Michael Gardi posted instructions for making a replica of the GENIAC ("GENIus Almost-automatic Computer") that was sold in kit form in the 1950s and 1960s for $20.
GENIAC consisted of a Masonite back panel with six areas of concentric perforations, six similarly perforated Masonite disks, and some additional hardware listed in the supplies section below.
Slotted brass bolts were positioned on the main back panel in such a way that brass "jumpers" inserted into the underside of the Masonite disks would create electrical connections when the disks were rotated over them. The bolts were wired together along with a battery and some lights to create "programs," basically single purpose "machines."
Technically GENIAC was a collection of configurable N-pole by N-throw rotary switches, which could be set up to be cascaded and thus perform logical functions. As a result GENIAC could use combinational logic only, its outputs depending entirely on inputs manually set. However, projects outlined in the manual, which started with basic logic circuits, ultimately progressed to such things as a NIM machine and TIC-TAC-TOE machine.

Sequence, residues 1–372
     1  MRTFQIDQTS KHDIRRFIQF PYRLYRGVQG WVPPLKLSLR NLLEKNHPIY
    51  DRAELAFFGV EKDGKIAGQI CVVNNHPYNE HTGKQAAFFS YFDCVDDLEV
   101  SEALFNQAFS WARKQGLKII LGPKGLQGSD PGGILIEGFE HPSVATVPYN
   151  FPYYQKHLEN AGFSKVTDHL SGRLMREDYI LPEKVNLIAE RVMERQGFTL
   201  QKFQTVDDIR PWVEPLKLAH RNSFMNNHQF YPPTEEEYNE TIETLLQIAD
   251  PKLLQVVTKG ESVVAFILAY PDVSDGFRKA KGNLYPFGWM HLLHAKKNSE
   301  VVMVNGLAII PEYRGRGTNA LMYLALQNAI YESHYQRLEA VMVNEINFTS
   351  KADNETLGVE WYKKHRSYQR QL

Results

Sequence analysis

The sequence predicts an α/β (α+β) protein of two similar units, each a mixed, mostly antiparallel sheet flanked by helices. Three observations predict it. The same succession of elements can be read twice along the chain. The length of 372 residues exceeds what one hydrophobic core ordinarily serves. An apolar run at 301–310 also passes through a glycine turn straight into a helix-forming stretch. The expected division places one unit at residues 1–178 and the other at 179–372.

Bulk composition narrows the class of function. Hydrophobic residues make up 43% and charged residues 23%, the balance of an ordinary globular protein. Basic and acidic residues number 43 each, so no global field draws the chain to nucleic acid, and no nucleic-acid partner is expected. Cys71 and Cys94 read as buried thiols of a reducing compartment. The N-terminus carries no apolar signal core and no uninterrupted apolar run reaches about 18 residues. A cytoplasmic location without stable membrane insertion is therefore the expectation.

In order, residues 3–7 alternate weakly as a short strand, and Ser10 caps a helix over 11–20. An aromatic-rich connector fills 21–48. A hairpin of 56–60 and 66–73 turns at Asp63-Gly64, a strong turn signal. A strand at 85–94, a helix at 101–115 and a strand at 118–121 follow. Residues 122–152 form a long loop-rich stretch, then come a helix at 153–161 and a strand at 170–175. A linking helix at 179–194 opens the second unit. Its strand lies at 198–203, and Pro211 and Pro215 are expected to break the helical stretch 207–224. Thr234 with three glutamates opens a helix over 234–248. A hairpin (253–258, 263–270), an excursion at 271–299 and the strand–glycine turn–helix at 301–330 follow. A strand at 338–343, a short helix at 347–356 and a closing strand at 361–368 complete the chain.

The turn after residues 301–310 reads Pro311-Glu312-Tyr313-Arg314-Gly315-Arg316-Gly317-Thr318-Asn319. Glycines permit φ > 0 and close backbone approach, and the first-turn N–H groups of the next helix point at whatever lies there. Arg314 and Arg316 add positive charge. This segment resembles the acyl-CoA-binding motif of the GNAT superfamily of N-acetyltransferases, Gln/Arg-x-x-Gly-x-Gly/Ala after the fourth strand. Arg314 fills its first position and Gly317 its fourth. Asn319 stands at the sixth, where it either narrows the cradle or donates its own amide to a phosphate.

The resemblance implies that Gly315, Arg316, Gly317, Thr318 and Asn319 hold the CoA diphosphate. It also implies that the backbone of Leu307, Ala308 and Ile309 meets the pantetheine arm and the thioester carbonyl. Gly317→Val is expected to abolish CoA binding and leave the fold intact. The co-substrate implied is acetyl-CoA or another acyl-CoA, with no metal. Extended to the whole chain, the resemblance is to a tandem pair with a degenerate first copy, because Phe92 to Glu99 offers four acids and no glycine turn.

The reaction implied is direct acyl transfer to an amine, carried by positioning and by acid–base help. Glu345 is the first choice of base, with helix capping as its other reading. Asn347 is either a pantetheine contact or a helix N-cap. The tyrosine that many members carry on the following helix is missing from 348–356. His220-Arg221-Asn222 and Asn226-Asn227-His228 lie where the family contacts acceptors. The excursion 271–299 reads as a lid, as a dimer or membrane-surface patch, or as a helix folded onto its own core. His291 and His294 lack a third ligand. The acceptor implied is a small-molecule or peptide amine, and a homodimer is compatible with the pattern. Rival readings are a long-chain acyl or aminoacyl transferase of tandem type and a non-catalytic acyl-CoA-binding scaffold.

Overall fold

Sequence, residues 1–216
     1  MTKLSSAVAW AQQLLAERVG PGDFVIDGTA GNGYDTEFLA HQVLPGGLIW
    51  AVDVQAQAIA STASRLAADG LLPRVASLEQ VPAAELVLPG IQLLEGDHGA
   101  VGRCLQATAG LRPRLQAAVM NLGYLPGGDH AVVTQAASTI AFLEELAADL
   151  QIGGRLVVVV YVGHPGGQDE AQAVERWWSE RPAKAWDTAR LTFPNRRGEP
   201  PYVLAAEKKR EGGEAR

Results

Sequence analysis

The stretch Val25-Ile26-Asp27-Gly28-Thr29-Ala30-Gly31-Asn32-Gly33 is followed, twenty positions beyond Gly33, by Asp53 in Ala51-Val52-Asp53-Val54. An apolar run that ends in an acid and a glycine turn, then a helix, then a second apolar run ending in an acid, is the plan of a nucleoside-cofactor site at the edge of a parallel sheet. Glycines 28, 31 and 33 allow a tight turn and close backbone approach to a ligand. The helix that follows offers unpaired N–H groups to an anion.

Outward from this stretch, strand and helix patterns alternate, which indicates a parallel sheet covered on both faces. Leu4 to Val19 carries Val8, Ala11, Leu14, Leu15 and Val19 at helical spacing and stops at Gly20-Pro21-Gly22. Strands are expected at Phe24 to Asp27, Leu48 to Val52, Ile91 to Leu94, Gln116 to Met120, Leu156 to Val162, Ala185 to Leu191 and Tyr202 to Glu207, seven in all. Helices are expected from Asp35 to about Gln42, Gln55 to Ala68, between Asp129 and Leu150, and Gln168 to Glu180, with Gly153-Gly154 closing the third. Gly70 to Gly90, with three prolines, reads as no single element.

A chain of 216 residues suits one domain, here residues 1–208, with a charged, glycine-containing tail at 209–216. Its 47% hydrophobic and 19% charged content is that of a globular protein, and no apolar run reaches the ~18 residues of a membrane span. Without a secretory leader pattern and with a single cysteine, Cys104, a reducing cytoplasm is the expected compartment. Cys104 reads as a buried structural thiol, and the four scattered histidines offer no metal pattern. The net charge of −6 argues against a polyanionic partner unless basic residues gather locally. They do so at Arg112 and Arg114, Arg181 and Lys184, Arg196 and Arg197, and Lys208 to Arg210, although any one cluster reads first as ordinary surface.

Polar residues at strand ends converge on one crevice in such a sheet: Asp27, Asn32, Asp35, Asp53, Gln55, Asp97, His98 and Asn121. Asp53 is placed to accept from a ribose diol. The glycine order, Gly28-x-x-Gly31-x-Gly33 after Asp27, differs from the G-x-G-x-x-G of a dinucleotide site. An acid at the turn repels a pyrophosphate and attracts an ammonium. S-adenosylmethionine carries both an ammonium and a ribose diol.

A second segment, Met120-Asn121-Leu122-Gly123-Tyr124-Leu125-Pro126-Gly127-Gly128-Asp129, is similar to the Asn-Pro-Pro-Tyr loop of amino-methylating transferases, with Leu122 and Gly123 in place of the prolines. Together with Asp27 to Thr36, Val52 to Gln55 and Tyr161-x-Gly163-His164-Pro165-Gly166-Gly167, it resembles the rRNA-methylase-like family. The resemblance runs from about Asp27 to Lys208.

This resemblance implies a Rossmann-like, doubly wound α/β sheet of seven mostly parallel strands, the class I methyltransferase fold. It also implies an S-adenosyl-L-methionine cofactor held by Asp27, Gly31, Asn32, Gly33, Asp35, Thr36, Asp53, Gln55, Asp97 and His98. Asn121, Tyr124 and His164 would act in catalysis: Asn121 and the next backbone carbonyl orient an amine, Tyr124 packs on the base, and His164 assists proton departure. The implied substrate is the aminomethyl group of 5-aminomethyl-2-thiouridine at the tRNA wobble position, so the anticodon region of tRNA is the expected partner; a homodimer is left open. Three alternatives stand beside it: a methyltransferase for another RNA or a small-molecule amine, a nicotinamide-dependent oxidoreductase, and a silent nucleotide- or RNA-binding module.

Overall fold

Michael Gardi previously on Boing Boing:
- Complete instructions for making a replica of the Minivac 601 educational computer kit
- 3D printed replica of the Digi-Comp II marble computer
- How to 3D print the Think a Dot, a nifty "computer" toy from 1965
- Make this scale model of the Dr. Nim digital game
Above, a video by Brian Moriarty. "A description and simulation of 'The Uranium Shipment and the Space Pirates,' the first computerized interactive story, published in 1955 as Project 23 of the GENIAC hobby kit."